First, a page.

Colorado Law Requires Employers to Provide Access to Personnel Files
In 2016, Colorado passed a new law that requires private companies, except for employees of certain banking institutions, to allow employees to access their personnel files at least once per year. This is a right that public sector employees have had for years under the Colorado Open Records Act.
Under the law, the legislature recognized that it is the public policy of Colorado that employees have access to their personnel policies maintained by their current and former employers. The law, set forth at C.R.S. § 8-2-129, provides, in part:
EVERY EMPLOYER SHALL, AT LEAST ANNUALLY, UPON THE REQUEST OF AN EMPLOYEE, PERMIT THAT EMPLOYEE TO INSPECT AND OBTAIN A COPY OF ANY PART OF HIS OR HER OWN PERSONNEL FILE OR FILES
AT THE EMPLOYER’S OFFICE AND AT A TIME CONVENIENT TO BOTH THE EMPLOYER AND THE EMPLOYEE. A FORMER EMPLOYEE MAY MAKE ONE
INSPECTION OF HIS OR HER PERSONNEL FILE AFTER TERMINATION OF EMPLOYMENT. AN EMPLOYER MAY RESTRICT THE EMPLOYEE’S OR FORMER EMPLOYEE’S ACCESS TO HIS OR HER FILES TO BE ONLY IN THE PRESENCE OF A PERSON RESPONSIBLE FOR MANAGING PERSONNEL DATA ON BEHALF OF THE EMPLOYER OR ANOTHER EMPLOYEE DESIGNATED BY THE EMPLOYER.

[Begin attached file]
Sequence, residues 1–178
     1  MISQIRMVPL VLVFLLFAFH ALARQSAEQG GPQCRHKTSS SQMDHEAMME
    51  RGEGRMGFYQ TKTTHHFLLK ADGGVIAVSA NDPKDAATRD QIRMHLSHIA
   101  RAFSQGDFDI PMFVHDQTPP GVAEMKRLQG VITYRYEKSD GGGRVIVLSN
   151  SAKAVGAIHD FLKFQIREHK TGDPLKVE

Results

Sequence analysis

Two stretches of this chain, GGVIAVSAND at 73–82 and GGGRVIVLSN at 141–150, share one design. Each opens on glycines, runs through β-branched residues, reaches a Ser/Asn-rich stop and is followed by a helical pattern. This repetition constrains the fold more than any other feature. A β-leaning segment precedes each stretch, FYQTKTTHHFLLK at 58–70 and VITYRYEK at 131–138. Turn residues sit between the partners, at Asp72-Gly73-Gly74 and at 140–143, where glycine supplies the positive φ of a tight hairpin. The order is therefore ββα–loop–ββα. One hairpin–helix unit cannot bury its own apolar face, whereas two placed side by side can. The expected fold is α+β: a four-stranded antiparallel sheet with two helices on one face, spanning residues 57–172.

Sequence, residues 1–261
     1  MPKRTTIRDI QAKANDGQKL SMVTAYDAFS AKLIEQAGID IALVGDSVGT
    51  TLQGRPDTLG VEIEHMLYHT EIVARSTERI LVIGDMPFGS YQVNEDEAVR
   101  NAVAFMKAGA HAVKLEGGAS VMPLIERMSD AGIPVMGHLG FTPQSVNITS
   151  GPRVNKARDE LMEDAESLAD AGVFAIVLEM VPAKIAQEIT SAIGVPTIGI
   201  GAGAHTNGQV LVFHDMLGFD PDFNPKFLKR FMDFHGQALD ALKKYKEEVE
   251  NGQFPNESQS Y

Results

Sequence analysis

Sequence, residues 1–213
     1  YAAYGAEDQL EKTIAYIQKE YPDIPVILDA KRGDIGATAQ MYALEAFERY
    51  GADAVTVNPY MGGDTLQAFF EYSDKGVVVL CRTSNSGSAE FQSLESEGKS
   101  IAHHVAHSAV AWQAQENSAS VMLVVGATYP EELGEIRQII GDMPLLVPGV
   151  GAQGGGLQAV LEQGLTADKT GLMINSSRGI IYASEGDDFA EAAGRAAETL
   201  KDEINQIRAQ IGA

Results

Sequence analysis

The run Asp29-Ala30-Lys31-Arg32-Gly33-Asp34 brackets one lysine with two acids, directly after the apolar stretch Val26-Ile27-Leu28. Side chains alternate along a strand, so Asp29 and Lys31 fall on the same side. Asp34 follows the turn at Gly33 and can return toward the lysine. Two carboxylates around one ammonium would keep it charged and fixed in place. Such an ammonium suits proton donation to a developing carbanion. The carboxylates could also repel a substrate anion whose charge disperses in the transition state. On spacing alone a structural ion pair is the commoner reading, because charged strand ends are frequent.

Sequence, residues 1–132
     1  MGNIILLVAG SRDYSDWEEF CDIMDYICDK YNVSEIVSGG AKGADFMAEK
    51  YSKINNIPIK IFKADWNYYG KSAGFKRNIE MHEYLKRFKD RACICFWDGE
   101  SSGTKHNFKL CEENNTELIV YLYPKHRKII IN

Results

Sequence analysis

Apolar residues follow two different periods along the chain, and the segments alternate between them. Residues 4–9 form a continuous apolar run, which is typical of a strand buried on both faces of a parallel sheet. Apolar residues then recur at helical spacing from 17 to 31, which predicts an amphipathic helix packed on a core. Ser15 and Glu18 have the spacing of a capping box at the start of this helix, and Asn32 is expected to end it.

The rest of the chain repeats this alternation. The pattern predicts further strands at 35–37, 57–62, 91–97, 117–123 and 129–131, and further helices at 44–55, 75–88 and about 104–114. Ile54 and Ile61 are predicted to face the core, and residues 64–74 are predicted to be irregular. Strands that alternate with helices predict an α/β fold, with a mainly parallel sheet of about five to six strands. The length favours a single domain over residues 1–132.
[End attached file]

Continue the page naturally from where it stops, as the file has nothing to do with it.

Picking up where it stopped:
THE EMPLOYER MAY REQUIRE THE EMPLOYEE OR FORMER EMPLOYEE TO PAY THE REASONABLE COST OF DUPLICATION OF DOCUMENTS.
Thus, under the law, an employer must allow an employee to inspect and obtain a copy of any part of the employee’s personnel file once per year. A former employee may only inspect his or her personnel file once after termination of employment.
The law does not allow current or former employees to inspect all documents that could conceivably relate to their employment. The term “personnel file” is defined as “the personnel records of an employee … that are used or have been used to determine the employee’s qualifications for employment, promotion, additional compensation, or employment termination or other disciplinary action.” See C.R.S. § 8- 2-129(1)(c). The term is specifically defined to exclude certain categories of documents, as follows: “documents or records required to be placed or maintained in a separate file from the regular personnel file by federal or state law or rule; documents or records pertaining to confidential reports from previous employers of the employee; or an active criminal investigation, an active disciplinary investigation by the employer, or an active investigation by a regulatory agency.” It also does not include any information in a document or record that identifies any person who made a confidential accusation, as determined by the employer, against the employee who makes the request for his or her records. Id.
Finally, the new law does not require employers to create or maintain personnel files for their employees or to retain personnel files for a specific period of time after the employment relationship ends. Nor does the law create a private right of action for employees alleging a violation of the law.